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Worldwide Gastronomy Habits & Trends

Warm ice cream: a Polish hack for eating ice cream all year round

ByDaria Malinowska

Jan 25, 2023

The Polish-Italian food feud saga continues. We came for their pizza, pasta… And now, it’s time for gelato (and ice cream in general). Because who doesn’t like ice cream? To cite the classic song, “I scream, you scream, we all scream for ice cream”.

Ciepłe lody (warm ice cream) appeared, like many other weird-ish dishes, during the PRL times. According to a Wprost article, nutritionists invented it as an ersatz food, or a substitute good.

In principle, warm ice cream is not really ice cream, but rather a tooth-rotting dessert that consists of three parts: an egg-white-based mousse, a thin layer of chocolate or another topping, and a waffle cup. Because of the way it is served, it resembles a bit of soft-serve ice cream, hence the name. The taste of the whole concoction reminds some of a soft marshmallow, and others of softened meringue with a chocolate-like ganache.

Children loved their almost overwhelming sweetness. Mothers allowed the sticky warm ice cream to be consumed even during winter since they posed no threat to the delicate throats of their young ones.

If you are a die-hard fan of ice cream, this cheap treat is for you. You can eat it no matter what the temperature outside is! However, do be careful with eating this treat because it is very calorie-dense.

International versions

Poland is not the only country in which such marshmallow-like treats are produced. For instance, in Germany, they have Schokoküsse, in Denmark Flødeboller, and in Israel, Krembo. A similar dessert also exists in Hungary where it is called télifagyi which could be translated into winter ice cream.

Where to buy it

In the PRL stores, they were placed in cardboard boxes lined with grey paper. Nowadays, it is actually not that easy to find warm ice cream. I have surveyed some of my friends looking for some tips, but no one was able to spot this dessert anywhere. Some sources claim that the production is still ongoing, however, the product can be found only in small, family-owned grocery shops. Maybe it is the PRL nostalgia that keeps this good on the shelves there, who knows?


Since it is not easy to find them in stores, maybe you could make them at home. Especially since it is not a very difficult dish. The following recipe is translated from this site.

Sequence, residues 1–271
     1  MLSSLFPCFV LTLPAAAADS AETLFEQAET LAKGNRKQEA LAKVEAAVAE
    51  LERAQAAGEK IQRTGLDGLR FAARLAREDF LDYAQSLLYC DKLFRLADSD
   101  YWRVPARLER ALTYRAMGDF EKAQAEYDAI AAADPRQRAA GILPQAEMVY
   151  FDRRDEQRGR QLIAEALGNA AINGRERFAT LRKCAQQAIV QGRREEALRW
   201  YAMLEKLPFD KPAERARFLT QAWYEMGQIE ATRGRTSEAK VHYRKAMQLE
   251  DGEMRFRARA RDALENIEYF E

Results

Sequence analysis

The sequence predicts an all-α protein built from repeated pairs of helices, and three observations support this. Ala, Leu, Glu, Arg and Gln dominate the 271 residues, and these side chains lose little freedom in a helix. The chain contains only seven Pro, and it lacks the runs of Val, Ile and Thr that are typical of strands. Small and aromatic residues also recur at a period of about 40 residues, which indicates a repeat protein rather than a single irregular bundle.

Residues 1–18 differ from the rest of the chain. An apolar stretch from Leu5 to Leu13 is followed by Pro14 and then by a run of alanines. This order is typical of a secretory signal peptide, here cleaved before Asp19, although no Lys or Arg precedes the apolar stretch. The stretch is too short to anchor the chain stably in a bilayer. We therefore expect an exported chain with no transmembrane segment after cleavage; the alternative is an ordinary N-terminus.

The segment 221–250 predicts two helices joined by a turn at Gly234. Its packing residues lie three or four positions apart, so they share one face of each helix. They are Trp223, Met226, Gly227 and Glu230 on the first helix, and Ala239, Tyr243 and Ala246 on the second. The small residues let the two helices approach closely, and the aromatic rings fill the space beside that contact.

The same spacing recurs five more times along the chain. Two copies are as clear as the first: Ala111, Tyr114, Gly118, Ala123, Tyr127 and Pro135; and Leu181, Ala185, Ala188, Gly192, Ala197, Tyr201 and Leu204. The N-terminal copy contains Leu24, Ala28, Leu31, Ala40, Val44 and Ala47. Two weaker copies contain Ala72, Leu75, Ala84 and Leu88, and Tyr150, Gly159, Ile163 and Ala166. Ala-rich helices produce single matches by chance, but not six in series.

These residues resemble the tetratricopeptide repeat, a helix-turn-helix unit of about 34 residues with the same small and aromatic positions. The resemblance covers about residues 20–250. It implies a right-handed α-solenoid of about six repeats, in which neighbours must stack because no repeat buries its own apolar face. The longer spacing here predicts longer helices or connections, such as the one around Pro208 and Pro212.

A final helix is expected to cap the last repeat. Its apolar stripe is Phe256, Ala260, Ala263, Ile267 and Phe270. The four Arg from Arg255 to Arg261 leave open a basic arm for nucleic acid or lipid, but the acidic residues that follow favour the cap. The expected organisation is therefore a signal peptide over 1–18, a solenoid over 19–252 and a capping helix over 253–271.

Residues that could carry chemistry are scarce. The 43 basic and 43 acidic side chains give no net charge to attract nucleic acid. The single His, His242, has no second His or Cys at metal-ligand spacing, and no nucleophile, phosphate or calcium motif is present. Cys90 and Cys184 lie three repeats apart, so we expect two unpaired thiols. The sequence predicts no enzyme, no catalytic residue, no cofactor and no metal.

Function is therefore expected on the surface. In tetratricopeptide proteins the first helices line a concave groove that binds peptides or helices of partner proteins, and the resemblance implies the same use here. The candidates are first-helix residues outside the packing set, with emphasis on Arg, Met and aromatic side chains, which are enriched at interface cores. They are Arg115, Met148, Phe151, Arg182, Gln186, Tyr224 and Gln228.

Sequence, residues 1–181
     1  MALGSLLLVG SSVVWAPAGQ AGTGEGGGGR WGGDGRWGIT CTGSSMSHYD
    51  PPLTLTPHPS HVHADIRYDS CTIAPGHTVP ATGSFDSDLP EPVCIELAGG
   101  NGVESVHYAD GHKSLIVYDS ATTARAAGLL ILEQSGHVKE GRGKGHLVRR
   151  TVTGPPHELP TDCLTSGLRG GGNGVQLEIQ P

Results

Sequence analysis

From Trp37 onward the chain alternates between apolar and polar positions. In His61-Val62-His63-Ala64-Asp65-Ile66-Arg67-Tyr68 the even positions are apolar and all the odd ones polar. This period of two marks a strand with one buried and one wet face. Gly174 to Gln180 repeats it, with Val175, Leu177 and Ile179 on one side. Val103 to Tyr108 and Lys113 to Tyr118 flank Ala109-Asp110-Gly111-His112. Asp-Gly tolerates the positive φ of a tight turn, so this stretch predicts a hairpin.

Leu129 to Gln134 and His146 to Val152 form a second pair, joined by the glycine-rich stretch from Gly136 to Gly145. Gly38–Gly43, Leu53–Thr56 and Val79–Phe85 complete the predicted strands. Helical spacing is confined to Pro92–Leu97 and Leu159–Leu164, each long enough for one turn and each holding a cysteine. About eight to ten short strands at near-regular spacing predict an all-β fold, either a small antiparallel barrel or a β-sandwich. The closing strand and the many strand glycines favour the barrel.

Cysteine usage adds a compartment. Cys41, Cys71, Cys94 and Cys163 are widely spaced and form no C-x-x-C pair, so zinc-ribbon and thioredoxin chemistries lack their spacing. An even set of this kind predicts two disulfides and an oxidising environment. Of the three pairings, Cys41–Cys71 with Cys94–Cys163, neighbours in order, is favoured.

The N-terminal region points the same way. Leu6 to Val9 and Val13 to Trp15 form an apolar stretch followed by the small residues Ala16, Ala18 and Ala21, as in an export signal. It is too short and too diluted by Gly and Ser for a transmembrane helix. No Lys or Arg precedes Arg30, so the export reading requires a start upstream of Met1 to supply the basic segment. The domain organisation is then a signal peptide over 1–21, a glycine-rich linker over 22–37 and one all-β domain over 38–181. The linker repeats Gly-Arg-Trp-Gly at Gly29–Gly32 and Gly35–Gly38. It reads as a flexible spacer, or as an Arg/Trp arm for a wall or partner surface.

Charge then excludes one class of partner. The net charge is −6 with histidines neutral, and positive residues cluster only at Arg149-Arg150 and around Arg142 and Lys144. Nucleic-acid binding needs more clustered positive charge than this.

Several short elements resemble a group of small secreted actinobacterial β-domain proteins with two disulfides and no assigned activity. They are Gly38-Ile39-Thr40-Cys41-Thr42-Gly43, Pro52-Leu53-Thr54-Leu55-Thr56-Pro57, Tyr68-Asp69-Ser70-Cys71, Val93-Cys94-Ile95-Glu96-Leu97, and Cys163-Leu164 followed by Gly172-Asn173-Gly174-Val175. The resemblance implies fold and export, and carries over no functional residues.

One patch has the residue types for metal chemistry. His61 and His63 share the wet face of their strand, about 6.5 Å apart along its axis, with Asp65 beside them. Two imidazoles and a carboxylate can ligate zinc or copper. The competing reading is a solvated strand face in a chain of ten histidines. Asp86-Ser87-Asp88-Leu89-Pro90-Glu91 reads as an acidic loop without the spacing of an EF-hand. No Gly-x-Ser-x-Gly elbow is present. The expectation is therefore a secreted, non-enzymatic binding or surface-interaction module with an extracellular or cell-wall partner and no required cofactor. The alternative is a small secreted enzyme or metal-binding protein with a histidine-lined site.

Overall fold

When it comes to the special equipment necessary for this recipe, it would be helpful to own a sugar thermometer.


  • 10 tbsp of sugar (for the syrup)
  • 50ml of water
  • a dash of salt
  • 2 egg whites
  • another 10 tbsp of sugar (for the meringue)
  • waffle cones or cups


  1. First of all, we need to prepare the sugary syrup. To do so, place water and sugar in a saucepan and put it on medium heat for about 10-12 minutes. Make sure that no sugar is stuck to the edges of the saucepan. Leave the sugar to dissolve, don’t stir. In the meantime, start whipping the egg whites with a dash of salt in a separate bowl. The sugar syrup is ready when it reaches a temperature of about 120 °C. If you don’t have a thermometer to check the temperature, simply put some of the syrup into cold water – it should harden then.
  2. Let’s continue with the egg whites. Now it is time to add sugar to them, one spoonful at a time, while constantly mixing at the highest speed. When the foam is shiny and thick, mix it with the sugary syrup, pouring it in a very thin stream and whisking continuously until the meringue mass is cool.
  3. Put the mixture into a confectionery sleeve and pipe it into the wafers. Place the dish in the refrigerator to cool down and set it. And it’s ready! If you want, you can also prepare a simple chocolate ganache to go on top of the dessert. Just melt some finely chopped chocolate over a bain-marie and add a bit of warm cream after you take it off the burner.


Have you heard about this simple treat? Or maybe you have a similar one in your own country? Share your thoughts in the comments!

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